Erzsébet Báthory, who is mentioned in Sabine Baring Gould's The Book of Werewolves (1865), was a 16th century Hungarian noblewoman who spent the last four years of her life bricked-up within her castle in Čachtice, Slovakia. Legend has it that Erzsébet tortured and killed 600 virgins in order to bathe in their blood, believing it kept her skin youthful. It is rumoured that the countess was followed around by a she wolf and that the three 'prongs' that form the letter 'E' in her family seal represent wolf's teeth.
Julie Delpy directs herself as the Hungarian noblewoman in the 2009 film, The Countess, and also starred in An American Werewolf in Paris (1997).
On 20 May 1990, a stone memorial commemorating the 350th anniversary of Kongla Ann’s trial for witchcraft, was unveiled in the North-Estonian parish of Viru-Nigula. A nearby notice describes the memorial as “a symbol honouring nonconformers and dissenters throughout the ages whose activity has enabled Estonian traditions and customs to survive to this day.”
Ann testified to having turned into a tornado many times as well as a werewolf, although she caused no harm in this form, only chased the dogs. Ann further admitted to hiding her wolf skin beneath a large stone afterwards. A witnessed claimed to have seen Ann transform into an invisible dog, in which guise she bewitched and caused the death of a child at Pada Manor, where she was later tried.
The Old Estonian text reads "She ran as a werewolf (literally witch wolf) then hid her wolf pelt beneath a large stone.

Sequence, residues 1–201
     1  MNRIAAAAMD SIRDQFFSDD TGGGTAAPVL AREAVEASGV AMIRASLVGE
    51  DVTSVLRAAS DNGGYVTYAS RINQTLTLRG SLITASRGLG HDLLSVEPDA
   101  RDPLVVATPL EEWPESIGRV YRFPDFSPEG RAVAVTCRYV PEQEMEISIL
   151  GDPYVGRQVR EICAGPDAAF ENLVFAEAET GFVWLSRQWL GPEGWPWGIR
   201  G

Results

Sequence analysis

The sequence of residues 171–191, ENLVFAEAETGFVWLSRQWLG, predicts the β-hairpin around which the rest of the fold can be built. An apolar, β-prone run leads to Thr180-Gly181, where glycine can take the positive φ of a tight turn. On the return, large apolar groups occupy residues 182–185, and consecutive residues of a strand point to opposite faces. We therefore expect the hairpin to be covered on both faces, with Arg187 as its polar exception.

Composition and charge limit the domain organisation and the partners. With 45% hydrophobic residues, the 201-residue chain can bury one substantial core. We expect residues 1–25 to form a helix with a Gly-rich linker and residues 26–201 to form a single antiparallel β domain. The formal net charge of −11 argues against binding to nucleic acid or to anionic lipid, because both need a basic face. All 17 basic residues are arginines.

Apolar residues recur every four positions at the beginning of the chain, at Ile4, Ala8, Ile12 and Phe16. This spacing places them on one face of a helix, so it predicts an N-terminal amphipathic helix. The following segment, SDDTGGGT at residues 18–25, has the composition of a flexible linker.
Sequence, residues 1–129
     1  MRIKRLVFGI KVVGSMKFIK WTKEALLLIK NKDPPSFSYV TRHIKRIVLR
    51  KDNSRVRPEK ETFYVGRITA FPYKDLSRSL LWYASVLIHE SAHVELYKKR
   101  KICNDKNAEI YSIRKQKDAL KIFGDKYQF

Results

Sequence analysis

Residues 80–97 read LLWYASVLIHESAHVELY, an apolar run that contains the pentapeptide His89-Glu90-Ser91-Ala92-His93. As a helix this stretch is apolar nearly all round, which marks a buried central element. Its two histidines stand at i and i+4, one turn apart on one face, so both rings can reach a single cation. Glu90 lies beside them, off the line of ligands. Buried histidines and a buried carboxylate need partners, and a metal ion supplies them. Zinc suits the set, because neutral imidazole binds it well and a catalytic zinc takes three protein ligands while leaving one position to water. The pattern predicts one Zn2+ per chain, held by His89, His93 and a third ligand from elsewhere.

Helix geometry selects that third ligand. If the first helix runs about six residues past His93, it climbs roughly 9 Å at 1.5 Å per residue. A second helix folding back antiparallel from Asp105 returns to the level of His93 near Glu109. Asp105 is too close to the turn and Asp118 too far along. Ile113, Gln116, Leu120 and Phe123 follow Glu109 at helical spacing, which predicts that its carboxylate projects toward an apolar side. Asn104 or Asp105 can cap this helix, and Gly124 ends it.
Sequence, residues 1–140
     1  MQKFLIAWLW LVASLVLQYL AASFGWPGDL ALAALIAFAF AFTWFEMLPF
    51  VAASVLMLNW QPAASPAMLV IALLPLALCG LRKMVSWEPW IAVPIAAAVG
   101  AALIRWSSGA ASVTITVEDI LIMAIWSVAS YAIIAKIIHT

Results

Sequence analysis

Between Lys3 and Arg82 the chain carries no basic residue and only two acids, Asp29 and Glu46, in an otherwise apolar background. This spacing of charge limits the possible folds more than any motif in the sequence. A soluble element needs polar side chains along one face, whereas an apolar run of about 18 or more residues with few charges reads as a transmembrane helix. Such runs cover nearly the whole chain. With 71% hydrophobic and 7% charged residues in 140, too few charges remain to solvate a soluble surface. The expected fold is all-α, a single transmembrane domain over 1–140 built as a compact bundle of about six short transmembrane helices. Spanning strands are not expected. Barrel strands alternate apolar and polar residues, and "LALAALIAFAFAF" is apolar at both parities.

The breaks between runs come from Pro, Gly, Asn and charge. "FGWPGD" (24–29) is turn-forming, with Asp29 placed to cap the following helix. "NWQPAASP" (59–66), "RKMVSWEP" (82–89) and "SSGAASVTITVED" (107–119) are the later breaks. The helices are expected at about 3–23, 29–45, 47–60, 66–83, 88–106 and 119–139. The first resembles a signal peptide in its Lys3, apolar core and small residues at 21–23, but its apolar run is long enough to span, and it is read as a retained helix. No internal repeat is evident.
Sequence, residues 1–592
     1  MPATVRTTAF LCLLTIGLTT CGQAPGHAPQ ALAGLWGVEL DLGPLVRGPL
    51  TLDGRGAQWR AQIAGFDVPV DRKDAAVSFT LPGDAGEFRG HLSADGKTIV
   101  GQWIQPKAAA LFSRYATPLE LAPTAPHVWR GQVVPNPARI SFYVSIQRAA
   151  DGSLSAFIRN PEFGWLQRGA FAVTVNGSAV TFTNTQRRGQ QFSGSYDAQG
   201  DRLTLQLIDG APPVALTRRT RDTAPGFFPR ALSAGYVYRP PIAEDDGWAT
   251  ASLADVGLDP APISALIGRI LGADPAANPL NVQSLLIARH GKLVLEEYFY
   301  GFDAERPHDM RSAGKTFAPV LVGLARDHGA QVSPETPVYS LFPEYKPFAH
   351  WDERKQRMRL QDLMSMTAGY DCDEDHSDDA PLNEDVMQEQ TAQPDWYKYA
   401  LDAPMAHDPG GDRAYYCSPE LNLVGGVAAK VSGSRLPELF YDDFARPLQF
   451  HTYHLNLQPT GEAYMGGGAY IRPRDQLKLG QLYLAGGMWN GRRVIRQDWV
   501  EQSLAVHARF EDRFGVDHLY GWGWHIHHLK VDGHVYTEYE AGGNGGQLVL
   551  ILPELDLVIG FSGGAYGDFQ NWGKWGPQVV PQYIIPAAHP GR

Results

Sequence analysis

The mutilated or amputated hand was a potent motif for Swiss surrealist Meret Oppenheim. Although the artist doesn’t specify the identity of the woman or the breed of animal in Fur Gloves with Wooden Fingers (1936), the work resonates strongly with the legend of the French noblewoman Arline of Barioux.
Fur Gloves with Wooden Fingers is an image that suggests the interwoven fate of women and animals. It also hints at the violence which both have been subjected to throughout history, and of their supposed possession of magical powers.
St Genevieve, the patron saint of Paris, was a shepherdess whose saintliness was such that sheep and wolves would harmoniously co-exist in her presence. German-born American artist Kiki Smith has made numerous artworks of the saint without her sheep and preferring the company of wolves. Red Riding Hood and Mary Magdalene (immortalised in the Nuremberg Chronicles, from Smith’s birthplace) join Genevieve to make up Smith’s wolf girls.
In Estonia in 1623 alone, thirteen women were tried as werewolves, among them Ann from Meremoisa, a town on the outskirts of Tallinn. Ann confessed to having been a werewolf for four years and to hiding her wolf skin beneath a stone in the fields. Ann was also blamed for the death of a horse and some small animals.